Steen Thwarts Late 'Canes Comeback
Flavor of the Game 700K
RALEIGH, N.C. (DEC. 15, 2006) - The Carolina Hurricanes are trying to survive without Rod Brind'Amour. So far, the results haven't been pretty.
Carolina dropped to 0-2-1 without its team leader, out with a lower body injury, falling to the Toronto Maple Leafs 4-3 Friday night in the homecoming of former coach Paul Maurice.
Once again, the difference in the game was special teams, an area where Brind'Amour is a force for the Hurricanes, especially in the face-off circle, where he's one of the best in the NHL. The Canes lost 40 of 75 face-offs without a guy who wins close to 60 percent. Toronto took control of a tie game with two two-man advantage goals in the second period. Carolina has now allowed nine power-play goals over the last three games without Brind'Amour in the line-up.
"Putting them on the 5-on-3 in the second period really cost us," said goalie Cam Ward, who kept the Canes tied in the second period with several key saves before the two power-play goals by the Maple Leafs. "They've got a good power play with a lot of skill and they took advantage of it."
"We're digging holes, we're taking penalties and we're giving up power-play goals and not scoring power-play goals, and that's the difference," added Cory Stillman, who had two assists in his second game back after off-season shoulder surgery. "Rod is our No. 1 penalty killer and he plays on the 5-on-3s, and the shape he's in he plays the most of it. Yeah, we miss him, but we have other guys and everybody always wants an opportunity. You've got to take advantage of it."
For the third straight time, Carolina was just 1-for-7 on the power-play after going a combined 0-for-20 in five previous games. The Hurricanes also took two late penalties that cost the club dearly.
In the final stages of Carolina's last power play, the team was caught with too many men on the ice, negating a chance to tie it with 3:38 left. Then, with Ward pulled for an extra attacker and a face-off deep in Toronto's end, Erik Cole was called for interference with 42 seconds remaining that all but killed a final chance at a game-tying goal.
"We've got to stay out of the penalty box and be a more disciplined hockey team," coach Peter Laviolette said. "We can't keep rallying. We've got to play 60 minutes of hockey, not one period here, a lazy period there, undisciplined there, disciplined here. We've got to learn. It's costing us games."
The Canes got third-period goals by a red-hot Justin Williams and Mike Commodore, but allowed the game-winner with six minutes left to Alex Steen as Carolina fell to 1-4-1 in December.
Steen's goal came just three minutes after Commodore's fourth of the season appeared to shift the momentum toward the Hurricanes and against a Toronto team that had been horrible so far this season in the third period.
But has been the case so often in the last three weeks, Carolina's momentum didn't last very long as the team's inconsistency lingers on.
The Hurricanes started 0-3-1, then went 12-4-2 over the next 18 games, only to see their record fall to 3-7-1 over the last 11 in the close Eastern Conference race. "When you're down you've got to make your own breaks," said Laviolette. "When you haven't won you've got to dig yourself out of it, nobody is going to feel sorry for you or have sympathy for you throughout the league, you better work harder, execute better and be a little more disciplined.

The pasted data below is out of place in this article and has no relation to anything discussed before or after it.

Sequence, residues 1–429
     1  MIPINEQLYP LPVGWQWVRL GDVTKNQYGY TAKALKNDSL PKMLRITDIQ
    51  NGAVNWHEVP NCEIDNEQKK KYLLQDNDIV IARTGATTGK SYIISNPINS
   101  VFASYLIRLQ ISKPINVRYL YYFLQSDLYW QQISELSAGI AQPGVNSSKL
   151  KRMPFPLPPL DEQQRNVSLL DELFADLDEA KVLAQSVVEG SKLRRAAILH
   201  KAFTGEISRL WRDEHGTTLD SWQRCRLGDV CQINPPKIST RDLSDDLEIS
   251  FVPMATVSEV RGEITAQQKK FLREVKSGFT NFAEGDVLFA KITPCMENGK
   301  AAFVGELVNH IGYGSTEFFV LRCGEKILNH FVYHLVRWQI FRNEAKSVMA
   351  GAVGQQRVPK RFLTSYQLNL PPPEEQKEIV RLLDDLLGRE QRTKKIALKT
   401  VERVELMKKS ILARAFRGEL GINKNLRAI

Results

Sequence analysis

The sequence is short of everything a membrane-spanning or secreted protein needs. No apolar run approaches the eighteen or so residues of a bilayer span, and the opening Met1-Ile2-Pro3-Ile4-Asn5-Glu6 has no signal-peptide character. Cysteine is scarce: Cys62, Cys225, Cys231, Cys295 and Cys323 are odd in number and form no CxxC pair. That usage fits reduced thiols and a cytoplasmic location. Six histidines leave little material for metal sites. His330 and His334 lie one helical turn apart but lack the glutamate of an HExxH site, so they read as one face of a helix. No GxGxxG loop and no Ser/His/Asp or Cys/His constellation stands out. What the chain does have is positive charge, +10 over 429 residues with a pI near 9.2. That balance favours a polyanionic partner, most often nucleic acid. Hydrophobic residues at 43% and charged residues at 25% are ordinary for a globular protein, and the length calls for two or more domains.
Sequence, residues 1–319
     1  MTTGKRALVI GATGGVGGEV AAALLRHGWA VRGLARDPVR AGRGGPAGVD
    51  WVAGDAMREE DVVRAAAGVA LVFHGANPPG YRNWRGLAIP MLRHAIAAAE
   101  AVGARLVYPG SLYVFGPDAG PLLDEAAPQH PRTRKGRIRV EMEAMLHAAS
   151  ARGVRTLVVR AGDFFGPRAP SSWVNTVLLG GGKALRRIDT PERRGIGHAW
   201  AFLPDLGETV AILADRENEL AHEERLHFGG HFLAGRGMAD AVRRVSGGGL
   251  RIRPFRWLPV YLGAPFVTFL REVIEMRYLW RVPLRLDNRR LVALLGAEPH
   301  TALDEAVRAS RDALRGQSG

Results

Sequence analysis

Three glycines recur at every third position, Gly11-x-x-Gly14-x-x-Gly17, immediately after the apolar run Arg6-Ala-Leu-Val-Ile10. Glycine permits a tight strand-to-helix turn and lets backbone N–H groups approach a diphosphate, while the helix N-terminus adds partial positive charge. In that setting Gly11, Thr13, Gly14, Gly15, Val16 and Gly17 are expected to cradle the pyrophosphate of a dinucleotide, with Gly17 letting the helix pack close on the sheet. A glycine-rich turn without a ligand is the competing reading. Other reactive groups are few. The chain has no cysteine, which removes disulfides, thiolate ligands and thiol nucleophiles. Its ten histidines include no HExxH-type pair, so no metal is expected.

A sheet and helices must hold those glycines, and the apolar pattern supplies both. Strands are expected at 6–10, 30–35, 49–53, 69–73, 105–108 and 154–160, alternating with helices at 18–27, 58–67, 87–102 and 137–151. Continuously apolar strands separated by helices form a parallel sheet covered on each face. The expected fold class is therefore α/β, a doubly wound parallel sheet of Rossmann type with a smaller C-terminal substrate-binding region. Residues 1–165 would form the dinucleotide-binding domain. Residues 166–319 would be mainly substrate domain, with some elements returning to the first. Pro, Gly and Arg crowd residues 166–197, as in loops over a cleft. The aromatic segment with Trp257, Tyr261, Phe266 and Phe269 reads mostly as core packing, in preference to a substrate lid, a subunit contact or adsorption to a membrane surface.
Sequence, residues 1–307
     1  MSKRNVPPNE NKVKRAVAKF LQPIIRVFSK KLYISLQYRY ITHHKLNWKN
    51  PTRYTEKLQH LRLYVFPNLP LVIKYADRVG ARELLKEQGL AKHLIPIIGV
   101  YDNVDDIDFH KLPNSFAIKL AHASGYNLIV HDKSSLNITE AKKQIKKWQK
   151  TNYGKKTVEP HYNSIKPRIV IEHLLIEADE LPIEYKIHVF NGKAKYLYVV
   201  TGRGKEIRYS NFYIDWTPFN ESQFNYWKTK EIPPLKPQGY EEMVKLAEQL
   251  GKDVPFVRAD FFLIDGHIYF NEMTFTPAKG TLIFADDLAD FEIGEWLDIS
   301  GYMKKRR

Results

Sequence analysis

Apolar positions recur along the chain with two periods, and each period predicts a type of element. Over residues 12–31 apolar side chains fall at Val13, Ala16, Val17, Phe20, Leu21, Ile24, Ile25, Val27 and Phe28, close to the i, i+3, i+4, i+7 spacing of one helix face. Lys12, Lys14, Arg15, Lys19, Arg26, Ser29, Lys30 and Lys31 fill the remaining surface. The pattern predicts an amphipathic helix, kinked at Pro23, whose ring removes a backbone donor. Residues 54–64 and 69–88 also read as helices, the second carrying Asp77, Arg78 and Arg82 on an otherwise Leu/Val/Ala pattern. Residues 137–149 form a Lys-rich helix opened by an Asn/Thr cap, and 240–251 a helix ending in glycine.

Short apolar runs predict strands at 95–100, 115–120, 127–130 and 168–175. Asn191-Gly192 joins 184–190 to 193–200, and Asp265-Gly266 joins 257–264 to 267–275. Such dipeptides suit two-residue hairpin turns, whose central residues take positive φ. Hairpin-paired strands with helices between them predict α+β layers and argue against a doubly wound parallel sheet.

"Any loss is unacceptable," the coach added. "Whether you play well or don't play well we're losing games and teams are moving up from behind. We've got to pull it together and press forward. It's that simple. We can't wait around and try to hang on to a spot. We've got to win hockey games."
"We might as well have gift wrapped it for Christmas for him because it went right to him," Ward said. "It's frustrating when you work so hard to get back into the game and a crappy goal like that goes in."
The first period turned in a matter of 44 seconds when Ward got a glove on a penalty shot by John Pohl and then Cole scored his 13th and sixth in his last nine games by beating Andrew Raycroft with a backhander between the legs. Cole was set free with a long pass off the boards by Stillman, which caught Kaberle napping and Raycroft leaning out of position.
But Carolina couldn't close out the period with the lead as Commodore and Bret Hedican allowed Mats Sundin to slip between them with 1:58 left and beat Ward to tie it 1-1 after 20 minutes. Sundin also scored his first of two with the two-man advantage midway through the second period.
Defenseman Andrew Hutchinson returned to the lineup after being a healthy scratch for nine straight games. Meanwhile, Andrew Ladd missed the Toronto game after undergoing appendectomy surgery. Ladd was replaced in the lineup by Keith Aucoin, who was 10th in the American Hockey League in scoring before being recalled to the Canes. Aucoin played 10:38 and won seven of nine face-offs.
David Droschak is the former sports editor for the North Carolina bureaus of the Associated Press, the largest news-gathering organization in the world. In 2003, Droschak was named the North Carolina Sportswriter of the Year. The only writer in the Triangle to have covered the Carolina Hurricanes every season since the organization moved to North Carolina, he currently is a principal in the Raleigh-based public relations firm Hughes-Droschak Communications.